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Dr. Black's Patient: Curvy Goddess Series (Volume 2) Paperback – April 25, 2014
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"Warlight" by Michael Ondaatje
A dramatic coming-of-age story set in the decade after World War II, "Warlight" is the mesmerizing new novel from the best-selling author of "The English Patient." Learn more
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The one bad trait she had, that I can't feel her on was her haters for all white people. Though she has her reasons, she was dead wrong. I would never want to see a prejudice doctor, no matter how good she was. As a professional, she gets through the hate for business sake, but don't make a mistake in her personal life. She is ruthless and carries weight in her purse she dubbed Lucy.
When my boy Sal falls all over himself for her, she is not having it. She makes that man pursue her like an addict. She knows his reputation as a love em and leave em kind of guy. Especially since she is a curvy girl and he only dates model thin chicks. Add to the fact that he is white and homeboy doesn't stand a chance with her. Except that he has gorgeous green eyes, a body that was made to lick and sexy tattoos covering it. The man is a looker.
Sal is not a bad dude once you peel back the layers, but Nya is not interested in entertaining the advances of a playboy white man who she distrusts. She puts that poor man through all kinds of changes until he finally bucks up at her and calls her out on her hate for white people.
Eventually, he wears down her resistance enough to get her to agree to a date. Well, the date goes sideways when his boys get involved in a brawl in the restaurant over her friend Phoenix, but that's a whole other story.
I won't ruin the end, but trust me it is good. I love how the cast of characters from the first book of the series are all still prevalent in this book. They are all connected in their circle of friends and it drives the story line. One thing I will say, I was screaming when Nya finally gets to put Jackie in her place! I lived for that scene. On to book 3- more all about Sal and Nya, but this time they go on vacation!
I've never been to the US so I'm not familiar with African-American culture except from what I've seen in movies and TV sitcoms, but the cultural 'flavour' came through loud and clear in the ladies' voices. I would say that the author is really good at writing dialogue; the way the ladies talked with each other and the slang they used made them come alive to me. But sometimes I wondered if the author was trying too hard to emphasize on that aspect of her characters -- the fact that they are black -- because the ladies were always laughing, joking and teasing each other, and it felt a little over the top. However, I guess that could be how they'd act in real life, too. My culture is very different so I have no basis for comparison.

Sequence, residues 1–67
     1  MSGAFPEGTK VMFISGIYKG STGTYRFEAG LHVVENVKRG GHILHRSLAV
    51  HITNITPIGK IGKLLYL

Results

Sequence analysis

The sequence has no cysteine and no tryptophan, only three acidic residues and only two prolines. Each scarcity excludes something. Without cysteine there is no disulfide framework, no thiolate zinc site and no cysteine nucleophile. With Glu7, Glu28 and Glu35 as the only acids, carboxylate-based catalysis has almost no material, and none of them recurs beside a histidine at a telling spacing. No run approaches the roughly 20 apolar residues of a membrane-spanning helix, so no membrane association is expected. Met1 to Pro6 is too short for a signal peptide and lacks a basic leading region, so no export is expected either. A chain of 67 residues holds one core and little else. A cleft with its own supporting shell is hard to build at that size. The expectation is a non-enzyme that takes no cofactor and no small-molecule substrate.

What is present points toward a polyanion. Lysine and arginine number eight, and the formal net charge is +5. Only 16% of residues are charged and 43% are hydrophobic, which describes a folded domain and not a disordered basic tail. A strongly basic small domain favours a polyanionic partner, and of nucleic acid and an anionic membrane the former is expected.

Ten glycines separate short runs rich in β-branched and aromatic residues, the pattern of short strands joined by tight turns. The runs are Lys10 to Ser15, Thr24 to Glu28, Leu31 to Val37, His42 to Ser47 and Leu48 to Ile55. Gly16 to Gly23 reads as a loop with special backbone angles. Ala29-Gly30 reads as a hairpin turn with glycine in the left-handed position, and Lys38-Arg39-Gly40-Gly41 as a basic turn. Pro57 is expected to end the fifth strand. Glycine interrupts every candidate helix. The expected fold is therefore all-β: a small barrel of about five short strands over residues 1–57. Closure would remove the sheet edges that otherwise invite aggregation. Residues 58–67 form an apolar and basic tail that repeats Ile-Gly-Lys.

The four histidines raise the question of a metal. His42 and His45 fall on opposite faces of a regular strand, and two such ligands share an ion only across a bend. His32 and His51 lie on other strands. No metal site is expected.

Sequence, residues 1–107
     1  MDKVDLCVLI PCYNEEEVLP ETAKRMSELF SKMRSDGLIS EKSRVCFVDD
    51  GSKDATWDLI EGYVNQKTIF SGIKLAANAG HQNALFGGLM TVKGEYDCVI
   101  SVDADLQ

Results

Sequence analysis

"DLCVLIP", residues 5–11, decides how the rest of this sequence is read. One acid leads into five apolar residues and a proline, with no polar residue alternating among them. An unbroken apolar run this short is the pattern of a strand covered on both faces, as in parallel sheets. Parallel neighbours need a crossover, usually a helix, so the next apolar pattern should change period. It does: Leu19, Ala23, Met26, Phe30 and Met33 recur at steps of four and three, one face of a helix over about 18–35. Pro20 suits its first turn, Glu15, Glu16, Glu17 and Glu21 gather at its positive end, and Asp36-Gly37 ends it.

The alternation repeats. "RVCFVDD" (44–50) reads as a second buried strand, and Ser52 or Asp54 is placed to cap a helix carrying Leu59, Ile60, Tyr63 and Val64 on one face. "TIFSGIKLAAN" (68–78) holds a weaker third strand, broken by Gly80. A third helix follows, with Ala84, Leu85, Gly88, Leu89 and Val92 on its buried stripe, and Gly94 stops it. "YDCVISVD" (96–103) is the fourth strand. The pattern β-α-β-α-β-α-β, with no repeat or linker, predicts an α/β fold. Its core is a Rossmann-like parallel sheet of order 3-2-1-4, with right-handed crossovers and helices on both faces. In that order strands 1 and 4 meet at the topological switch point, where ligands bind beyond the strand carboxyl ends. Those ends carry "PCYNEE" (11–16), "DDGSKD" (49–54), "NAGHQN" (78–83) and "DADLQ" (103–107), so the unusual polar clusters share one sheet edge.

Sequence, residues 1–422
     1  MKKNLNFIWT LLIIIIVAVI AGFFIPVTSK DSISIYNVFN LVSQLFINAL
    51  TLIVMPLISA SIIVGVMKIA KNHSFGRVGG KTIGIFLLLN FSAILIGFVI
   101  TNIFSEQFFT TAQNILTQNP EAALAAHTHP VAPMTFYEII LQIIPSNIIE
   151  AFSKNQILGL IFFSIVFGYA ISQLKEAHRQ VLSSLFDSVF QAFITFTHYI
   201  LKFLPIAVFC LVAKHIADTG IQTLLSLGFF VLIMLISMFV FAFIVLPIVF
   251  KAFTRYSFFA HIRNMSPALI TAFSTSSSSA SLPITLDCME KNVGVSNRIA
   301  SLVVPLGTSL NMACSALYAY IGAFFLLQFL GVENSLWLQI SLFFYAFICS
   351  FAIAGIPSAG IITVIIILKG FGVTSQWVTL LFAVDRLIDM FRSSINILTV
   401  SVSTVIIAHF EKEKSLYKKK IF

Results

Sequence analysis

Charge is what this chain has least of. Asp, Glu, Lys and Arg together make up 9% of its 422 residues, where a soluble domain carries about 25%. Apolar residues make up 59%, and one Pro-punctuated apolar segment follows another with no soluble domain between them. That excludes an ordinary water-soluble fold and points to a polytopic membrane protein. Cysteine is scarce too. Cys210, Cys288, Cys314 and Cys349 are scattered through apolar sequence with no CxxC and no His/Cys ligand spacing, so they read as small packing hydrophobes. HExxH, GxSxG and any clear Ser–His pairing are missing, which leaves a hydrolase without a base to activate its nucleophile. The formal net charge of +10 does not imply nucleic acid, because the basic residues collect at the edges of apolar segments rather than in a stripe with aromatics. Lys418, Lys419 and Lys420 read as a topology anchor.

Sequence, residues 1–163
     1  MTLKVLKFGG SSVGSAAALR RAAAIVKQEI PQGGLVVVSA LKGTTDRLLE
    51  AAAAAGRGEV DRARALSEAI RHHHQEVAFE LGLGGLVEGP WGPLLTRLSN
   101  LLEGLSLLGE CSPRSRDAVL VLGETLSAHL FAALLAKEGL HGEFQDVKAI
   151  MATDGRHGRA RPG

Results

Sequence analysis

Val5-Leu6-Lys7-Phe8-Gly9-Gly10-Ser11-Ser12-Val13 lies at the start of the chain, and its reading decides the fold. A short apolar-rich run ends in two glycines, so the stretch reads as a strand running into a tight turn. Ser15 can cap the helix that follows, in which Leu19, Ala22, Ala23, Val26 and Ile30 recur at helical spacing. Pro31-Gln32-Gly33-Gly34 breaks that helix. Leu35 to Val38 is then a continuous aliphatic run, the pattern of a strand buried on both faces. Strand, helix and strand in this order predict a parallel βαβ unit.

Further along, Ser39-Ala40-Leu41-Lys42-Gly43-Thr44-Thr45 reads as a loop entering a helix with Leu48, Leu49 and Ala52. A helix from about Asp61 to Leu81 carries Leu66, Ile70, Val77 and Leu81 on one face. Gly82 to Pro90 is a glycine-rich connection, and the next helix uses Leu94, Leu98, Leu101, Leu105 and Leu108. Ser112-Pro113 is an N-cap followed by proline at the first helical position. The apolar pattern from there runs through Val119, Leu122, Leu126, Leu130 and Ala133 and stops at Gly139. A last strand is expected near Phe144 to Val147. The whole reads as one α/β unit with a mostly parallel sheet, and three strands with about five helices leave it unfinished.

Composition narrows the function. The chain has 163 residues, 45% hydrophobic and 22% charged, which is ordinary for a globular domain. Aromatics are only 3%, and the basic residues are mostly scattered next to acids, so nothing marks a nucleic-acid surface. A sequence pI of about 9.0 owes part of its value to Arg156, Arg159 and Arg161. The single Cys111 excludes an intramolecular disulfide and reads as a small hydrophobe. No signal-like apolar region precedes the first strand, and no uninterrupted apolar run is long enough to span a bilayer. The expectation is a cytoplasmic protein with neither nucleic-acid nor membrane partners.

I did feel that the author didn't distinguish enough between the black and white voices because Sal also sounds black to me. Even Daniel, Vixen's husband, sounds black. The way that Sal reacts when he sees Nya in Daniel & Vixen's house, after the opening scene at the hospital... that really sounded like a black guy talking, at least to my inexperienced ears. Not sure which white guy would say something like, "I woke up with Hitler's mother touching me in my special places!" LOL
I liked all the supporting characters. It was great to see how the ladies all supported each other, and having Nya interact with Vixen gave me a different view of her. I think that was a great idea because otherwise it would have been difficult to stomach the way she treated Sal. Seeing how caring and concerned she is with Vixen showed me that there was more to her than her hatred of white people. Watching her interact with her young patient, Parker, also gave me another perspective on her -- what she's like as a professional. So she was a very three-dimensional character. Sal was harder to get a picture of because the author doesn't show as much of him. In fact I don't even know what he does for a living! All I know is that he's rich and extremely good-looking.
This is an entertaining and amusing book and I would recommend it to others. It would have been four stars if Sal's character had been equally as strongly drawn as Nya's and if he had been given a more distinct voice and identity. Because Nya was so strong, she stole the show and it made Sal fade into the background... he looked rather ineffective by comparison. For me, in a romance I want a hero I can swoon over, one who makes me melt... but Sal didn't. He's a nice guy and all, but that's the problem, he's just NICE, and Nya sort of stomps all over him. So the book didn't give me the kind of 'oomph' I'm looking for in a romance, but it was still a good book and is worth reading!
I understood why Nya felt the way she did about white people, but if whites say the "n" word the way she talked about them then there would be a problem.
But in my opinion was a very good book, it made me laugh and cry and love prevailed in the end. So I will recommend it to others.
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